Ximena Conde

“Most Important Election Of Our Lifetimes”

Obama’s speech here says health care, education, living wage are on the line.

By , Wisconsin Public Radio - Oct 29th, 2018 12:34 pm
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Former President Barack Obama appeared at Milwaukee rally on Friday with Democratic U.S. Senate. candidate Tammy Baldwin and gubernatorial candidate Tony Evers. Photo by Ximena Conde/WPR.

Former President Barack Obama appeared at Milwaukee rally on Friday with Democratic U.S. Senate. candidate Tammy Baldwin and gubernatorial candidate Tony Evers. Photo by Ximena Conde/WPR.

With a few days left until midterm elections, Wisconsin Democrats are hoping former President Barack Obama‘s visit to Milwaukee on Friday will give a major boost to voter turnout.

Obama came to Wisconsin to stump for the Democratic ticket and headlined a rally at North Division High School. He told the crowd of more than 3,000 people on Friday afternoon that he had many reasons to visit Milwaukee, including its sports teams and brats, but one reason stood above all others:

“I am here for one simple reason: I am here to ask you to vote, to vote in what might be the most important election of our lifetimes,” Obama said to a roaring crowd.

Obama urged people to vote because health care, education funding and legislation in favor of “living wages” are on the line.

U.S. Sen. Tammy Baldwin, gubernatorial hopeful and state schools Superintendent Tony Evers and U.S. Rep. Gwen Moore were among the Democrats in attendance at the event. Throughout the rally officials stressed the importance of Milwaukee residents casting their ballots.

Milwaukee Mayor Tom Barrett kicked off the line of Democratic speakers reminding the crowd that President Donald Trump won Wisconsin in 2016 with 22,000 votes.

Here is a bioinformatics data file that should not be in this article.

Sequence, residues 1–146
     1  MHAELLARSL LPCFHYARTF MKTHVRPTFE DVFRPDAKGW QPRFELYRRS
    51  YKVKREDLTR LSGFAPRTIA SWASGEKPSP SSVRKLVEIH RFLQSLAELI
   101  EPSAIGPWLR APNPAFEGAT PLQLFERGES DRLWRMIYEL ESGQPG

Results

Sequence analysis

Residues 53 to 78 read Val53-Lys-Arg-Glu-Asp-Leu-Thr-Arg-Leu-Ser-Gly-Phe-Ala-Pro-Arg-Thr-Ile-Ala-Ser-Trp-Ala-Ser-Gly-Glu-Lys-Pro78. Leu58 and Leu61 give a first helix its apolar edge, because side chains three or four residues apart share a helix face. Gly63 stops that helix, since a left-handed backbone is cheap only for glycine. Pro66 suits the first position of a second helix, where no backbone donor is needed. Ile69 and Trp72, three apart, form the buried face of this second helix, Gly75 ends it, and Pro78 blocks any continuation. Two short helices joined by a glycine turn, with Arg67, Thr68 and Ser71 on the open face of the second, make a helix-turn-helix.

“Here in Milwaukee, 45,000 fewer people voted in 2016 than 2012. That’s the somber news,” he said, calling on people to not only vote but get involved.

The former president gave the crowd a sober assessment of how voting can advance political change, explaining that not everything gets fixed all at once.

“If you vote in this election, it’s not as if suddenly poverty is eliminated or all the jobs (that) left are coming back. Or suddenly, there’s no discrimination, women are always treated with respect. That’s not how politics work,” Obama said.

Still, he stressed that voting would make things better.

“If you vote in this election, Wisconsin, it’ll be a start,” he said. “You’ve got to get started and then just keep on going.”

Health Care Has Become Key Issue In Campaigns

While frustration for what is happening at some of the highest levels in politics has been a big talking point in the midterm elections, health care coverage has been a central issue in Wisconsin’s statewide races. The state is currently leading a lawsuit to overturn Obama’s signature health care law, the Affordable Care Act, and Baldwin’s GOP opponent, state Sen. Leah Vukmir, has campaigned on being the deciding vote to repeal the ACA.

Baldwin has campaigned on protecting the ACA and the need to create a single-payer health care system.

“Do you trust Scott Walker to protect your health care?” asked Evers before touting plans to make education a priority, fund roads, guard the environment and protect those with pre-existing conditions.

Obama reminded the crowd of the number of Wisconsinites who gained health insurance through his signature legislation.

“Democrats made that happen,” he said. “Not a single Republican, not one joined us. Not one.”

Obama then reminded the crowd of Republican efforts to repeal the ACA.

Obama appeared on stage with other Democratic candidates at Milwaukee rally on Friday. Photo by Ximena Conde/WPR.